Ahmaud Arbery’s Murder is on Tape
By Kelly Sampson, Counsel of Constitutional Litigation, Legal Alliance, and Racial Justice at Brady Legal
Ahmaud Arbery’s murder is on tape. I will not be watching it. I don’t need to see yet another Black person executed. I’ve already seen enough of this to last a lifetime. Laura and L.D. Nelson hanging by their necks from a bridge. Martin Luther King Jr.’s body on the balcony. Emmett Till bludgeoned in his casket. Ahmaud Arbery’s execution is disgusting, infuriating, and evil — but it is not “shocking.”
Please, do not call it shocking.
As Ta-Nehisi Coates said, “[i]n America, it is traditional to destroy the black body — it is heritage.” Let’s acknowledge that the United States, from the beginning, has dehumanized Black people. The Constitution, itself, “protected slavery by increasing political representation for slave owners and slave states; by limiting, stringently though temporarily, congressional power to regulate the international slave trade; and by protecting the rights of slave owners to recapture their escaped slaves.”
Let’s acknowledge that the United States, from the beginning, has dehumanized Black people.
A lot has changed since 1787. But whether it’s through Jim Crow, voter disenfranchisement, mass incarceration, or unjustified gun violence, racism in America is relentless.
So, I don’t need to watch two white men shoot Ahmaud Arbery dead.
But I do need to protest the notion that two armed white men wantonly shooting a Black man is shocking.
Again, it isn’t.
The same Constitution that accommodated slaveholders’ interest in subjugating Black people for profit, is also the same document that states, “[a] well regulated Militia, being necessary to the security of a free State, the right of the people to keep and bear Arms, shall not be infringed.”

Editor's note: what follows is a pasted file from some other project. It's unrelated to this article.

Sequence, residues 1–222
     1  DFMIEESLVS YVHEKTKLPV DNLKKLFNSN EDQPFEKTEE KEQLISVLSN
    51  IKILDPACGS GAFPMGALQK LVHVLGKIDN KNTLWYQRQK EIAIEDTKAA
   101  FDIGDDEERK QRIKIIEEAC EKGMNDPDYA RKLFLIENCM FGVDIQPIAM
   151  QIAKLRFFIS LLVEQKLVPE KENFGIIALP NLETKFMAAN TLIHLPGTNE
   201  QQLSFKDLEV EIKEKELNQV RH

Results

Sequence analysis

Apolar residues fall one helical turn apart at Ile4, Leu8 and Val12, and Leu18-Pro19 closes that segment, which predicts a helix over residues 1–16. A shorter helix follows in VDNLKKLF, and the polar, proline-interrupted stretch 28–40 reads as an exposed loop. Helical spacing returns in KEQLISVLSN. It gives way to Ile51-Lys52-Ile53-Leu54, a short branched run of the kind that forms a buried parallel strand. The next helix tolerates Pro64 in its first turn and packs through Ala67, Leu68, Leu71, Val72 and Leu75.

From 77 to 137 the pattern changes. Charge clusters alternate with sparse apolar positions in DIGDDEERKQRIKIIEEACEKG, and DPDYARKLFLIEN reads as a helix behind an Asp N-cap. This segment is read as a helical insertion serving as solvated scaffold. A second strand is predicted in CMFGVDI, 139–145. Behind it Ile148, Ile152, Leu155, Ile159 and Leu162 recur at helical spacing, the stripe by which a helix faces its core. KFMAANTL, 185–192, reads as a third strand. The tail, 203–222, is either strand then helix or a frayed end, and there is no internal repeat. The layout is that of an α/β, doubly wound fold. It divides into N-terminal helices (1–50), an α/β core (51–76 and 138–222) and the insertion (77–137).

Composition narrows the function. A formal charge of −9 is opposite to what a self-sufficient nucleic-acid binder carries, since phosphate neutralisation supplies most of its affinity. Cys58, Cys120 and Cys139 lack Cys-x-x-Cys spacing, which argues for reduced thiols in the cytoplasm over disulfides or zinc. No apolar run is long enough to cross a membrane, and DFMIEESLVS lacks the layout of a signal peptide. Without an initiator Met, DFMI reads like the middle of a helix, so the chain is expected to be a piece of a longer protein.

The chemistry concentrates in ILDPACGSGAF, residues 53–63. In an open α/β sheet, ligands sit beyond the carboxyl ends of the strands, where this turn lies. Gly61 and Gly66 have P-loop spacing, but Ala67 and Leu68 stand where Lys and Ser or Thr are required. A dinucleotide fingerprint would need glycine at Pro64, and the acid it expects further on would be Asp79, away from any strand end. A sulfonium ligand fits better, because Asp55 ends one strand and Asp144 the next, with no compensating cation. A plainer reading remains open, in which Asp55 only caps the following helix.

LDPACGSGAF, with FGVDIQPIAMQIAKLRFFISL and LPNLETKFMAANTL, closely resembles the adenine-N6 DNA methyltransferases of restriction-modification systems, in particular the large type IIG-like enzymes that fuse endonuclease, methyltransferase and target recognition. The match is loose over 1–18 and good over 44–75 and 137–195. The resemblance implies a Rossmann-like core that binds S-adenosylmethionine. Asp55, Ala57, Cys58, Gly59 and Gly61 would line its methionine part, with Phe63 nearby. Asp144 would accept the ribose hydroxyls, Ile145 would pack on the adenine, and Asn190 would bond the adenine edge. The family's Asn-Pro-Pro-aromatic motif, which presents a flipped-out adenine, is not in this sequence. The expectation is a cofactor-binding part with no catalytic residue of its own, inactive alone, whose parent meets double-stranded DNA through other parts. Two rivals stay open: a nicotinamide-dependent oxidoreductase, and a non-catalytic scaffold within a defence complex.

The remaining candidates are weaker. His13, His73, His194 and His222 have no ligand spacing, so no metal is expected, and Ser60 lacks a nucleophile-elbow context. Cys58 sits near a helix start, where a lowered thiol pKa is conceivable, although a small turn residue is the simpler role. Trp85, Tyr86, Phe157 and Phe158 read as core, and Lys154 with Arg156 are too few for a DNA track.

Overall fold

Remember, this was written in 1787. So, who, exactly, were “the people?” And what, exactly, was a “free state,” that also sponsored slavery? And while the historical interplay between Black people, racism, and firearms since 1787 is complex, one thing is consistent: The history of gun policy is one that caters to white people’s fears at Black people’s expense.
As Chris Hayes wrote in A Colony, In A Nation,”[t[hrough our shared cultural inheritance, Americans convert white fear into policy.” And, as historian Roxanne Dunbar-Ortiz wrote in Loaded: A Disarming History of the Second Amendment, people choose to own weapons for many reasons, but one of the biggest rationales is fear:
“Seventy-four percent of gun owners in the United States are male, and 82 percent of gun owners are white, which means that 61 percent of all adults who own guns are white men, and this group accounts for 31 percent of the total U.S. population. The top reasons U.S. Americans give for owning a gun is for protection. What are the majority of white men so afraid of? Does anyone believe that centuries of racial and economic domination of the United States by white men have left no traces in our culture, views, or institutions?”